The gospel according to Q
Today, September 18, 2021
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Aug 01,2021 - Last updated at Aug 01,2021
MARYLAND EASTERN SHORE — “Power tends to corrupt, and absolute power corrupts absolutely,” Lord Acton wrote in a letter to an Anglican bishop in 1887. Acton was considering how religious historians should handle past crimes committed by the church’s leaders. In his view, religious (and political) leaders should be held to a higher moral standard than ordinary people. When historical accounts fail to do that, they “serve the worst better than the purest”.
Future historians should bear Acton’s guidance in mind when assessing America’s religious right and its current leaders.
I know from my experience in the Soviet Union that clerics should not be exempt from moral judgment. Aleksey II, patriarch of the Orthodox Church during my youth, was long suspected of KGB membership and happily worked hand in glove with the Soviet and then Russian state. Today, Alexey’s successor, Patriarch Kirill, has not hesitated to do the bidding of a former KGB operative, President Vladimir Putin, whether justifying Crimea’s annexation or stoking fear and loathing of homosexuals.
America, of course, keeps religion and politics constitutionally separate. But for many conservative Christians in the United States today, the First Amendment’s prohibition of any “law respecting an establishment of religion” means little. Moreover, what they hope to set up in US law is not the moral code established in the Christian Bible. According to the historian Kristin Kobes Du Mez, modern white evangelicals have remade their faith over the last 75 years, replacing the loving Jesus of the Gospels with an “idol of rugged masculinity and Christian nationalism”.
Nowadays, these evangelicals want a “ruggedly masculine” leader who will fight to outlaw abortion. That goal has also put blinders on much of the hierarchy of the US Catholic Church. In recent months, a large group of Catholic bishops has sought to introduce new rules that would deny Holy Communion to politicians who support abortion rights, deliberately disobeying Pope Francis in the process. Their target is President Joe Biden, America’s first Catholic president since John F. Kennedy and a regular churchgoer.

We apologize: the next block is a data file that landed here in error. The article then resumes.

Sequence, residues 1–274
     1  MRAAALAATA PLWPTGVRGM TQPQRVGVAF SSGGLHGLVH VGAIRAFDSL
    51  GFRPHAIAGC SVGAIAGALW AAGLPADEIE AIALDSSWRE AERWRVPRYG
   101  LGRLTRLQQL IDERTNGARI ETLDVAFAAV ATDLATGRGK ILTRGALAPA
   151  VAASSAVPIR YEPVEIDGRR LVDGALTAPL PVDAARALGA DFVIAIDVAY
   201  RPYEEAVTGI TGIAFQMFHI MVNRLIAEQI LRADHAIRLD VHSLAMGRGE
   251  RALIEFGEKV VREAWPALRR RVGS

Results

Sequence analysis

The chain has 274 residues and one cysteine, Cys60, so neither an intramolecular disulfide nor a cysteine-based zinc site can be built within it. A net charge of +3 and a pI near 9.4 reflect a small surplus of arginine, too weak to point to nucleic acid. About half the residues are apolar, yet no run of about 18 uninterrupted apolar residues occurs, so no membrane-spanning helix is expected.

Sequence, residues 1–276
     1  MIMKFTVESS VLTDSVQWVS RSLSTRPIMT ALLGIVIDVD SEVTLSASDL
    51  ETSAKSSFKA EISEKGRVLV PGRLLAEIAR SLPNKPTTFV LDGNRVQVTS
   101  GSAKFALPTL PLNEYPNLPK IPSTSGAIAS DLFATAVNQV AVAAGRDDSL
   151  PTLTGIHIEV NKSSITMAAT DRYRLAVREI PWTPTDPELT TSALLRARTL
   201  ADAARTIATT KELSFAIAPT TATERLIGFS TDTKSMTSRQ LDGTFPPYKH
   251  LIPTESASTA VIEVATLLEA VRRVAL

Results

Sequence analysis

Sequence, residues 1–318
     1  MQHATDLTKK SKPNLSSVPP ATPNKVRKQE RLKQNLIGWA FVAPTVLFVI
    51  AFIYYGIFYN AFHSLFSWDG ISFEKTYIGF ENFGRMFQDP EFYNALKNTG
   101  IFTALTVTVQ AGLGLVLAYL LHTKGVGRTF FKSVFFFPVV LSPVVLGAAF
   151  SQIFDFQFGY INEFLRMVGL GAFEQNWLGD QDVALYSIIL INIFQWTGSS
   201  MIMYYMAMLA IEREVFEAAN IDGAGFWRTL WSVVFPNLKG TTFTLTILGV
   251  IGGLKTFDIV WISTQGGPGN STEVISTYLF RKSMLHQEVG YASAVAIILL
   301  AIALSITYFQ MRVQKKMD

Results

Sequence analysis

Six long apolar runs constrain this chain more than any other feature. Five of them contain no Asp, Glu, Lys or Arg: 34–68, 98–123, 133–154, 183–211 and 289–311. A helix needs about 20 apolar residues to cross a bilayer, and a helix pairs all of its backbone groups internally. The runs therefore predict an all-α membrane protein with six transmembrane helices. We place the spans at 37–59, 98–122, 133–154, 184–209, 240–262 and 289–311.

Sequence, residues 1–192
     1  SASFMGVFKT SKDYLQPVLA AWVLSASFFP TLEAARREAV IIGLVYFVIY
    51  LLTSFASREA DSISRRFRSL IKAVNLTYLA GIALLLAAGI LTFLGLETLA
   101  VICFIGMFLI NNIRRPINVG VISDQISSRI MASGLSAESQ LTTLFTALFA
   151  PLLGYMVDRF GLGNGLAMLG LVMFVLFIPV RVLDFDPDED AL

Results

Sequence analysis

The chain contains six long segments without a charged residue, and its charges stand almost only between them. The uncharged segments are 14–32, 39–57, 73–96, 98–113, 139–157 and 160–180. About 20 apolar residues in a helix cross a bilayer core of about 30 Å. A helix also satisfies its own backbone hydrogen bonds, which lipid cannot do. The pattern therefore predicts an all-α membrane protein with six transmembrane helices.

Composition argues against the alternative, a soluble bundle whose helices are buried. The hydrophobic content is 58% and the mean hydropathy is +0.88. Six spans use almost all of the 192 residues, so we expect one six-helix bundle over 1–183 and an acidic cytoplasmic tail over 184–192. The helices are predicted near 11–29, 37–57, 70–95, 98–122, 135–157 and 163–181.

Meanwhile, America’s religious right exalts Biden’s predecessor, Donald Trump, because, though louche and tawdry, he opposes abortion (at least publicly), and embraces a macho persona. In an open letter ahead of the 2020 presidential election, Archbishop Carlo Maria Viganò, a former Vatican ambassador to the US, described Trump (“who courageously defends the right to life”) as America’s only hope against an “infernal deception”. Viganò proceeds to describe a “Biblical” contest between the “children of light” — led, absurdly, by the mendacious, libertine Trump — and the “children of darkness”, whom we “may easily identify with the deep state”.
This hardly sounds like a senior Church official. Viganò calls the COVID-19 crisis a “colossal operation of social engineering”, in which “there are people who have decided the fate of humanity, arrogating to themselves the right to act against the will of citizens and their representatives in the governments of nations.” This is textbook QAnon. Evil is now supposedly so rampant that David Fulton, a Catholic priest from Nebraska, boasted of performing an exorcism during the US Capitol riot on January 6 in order to drive out a demon named Baphomet who was “dissolving the country”.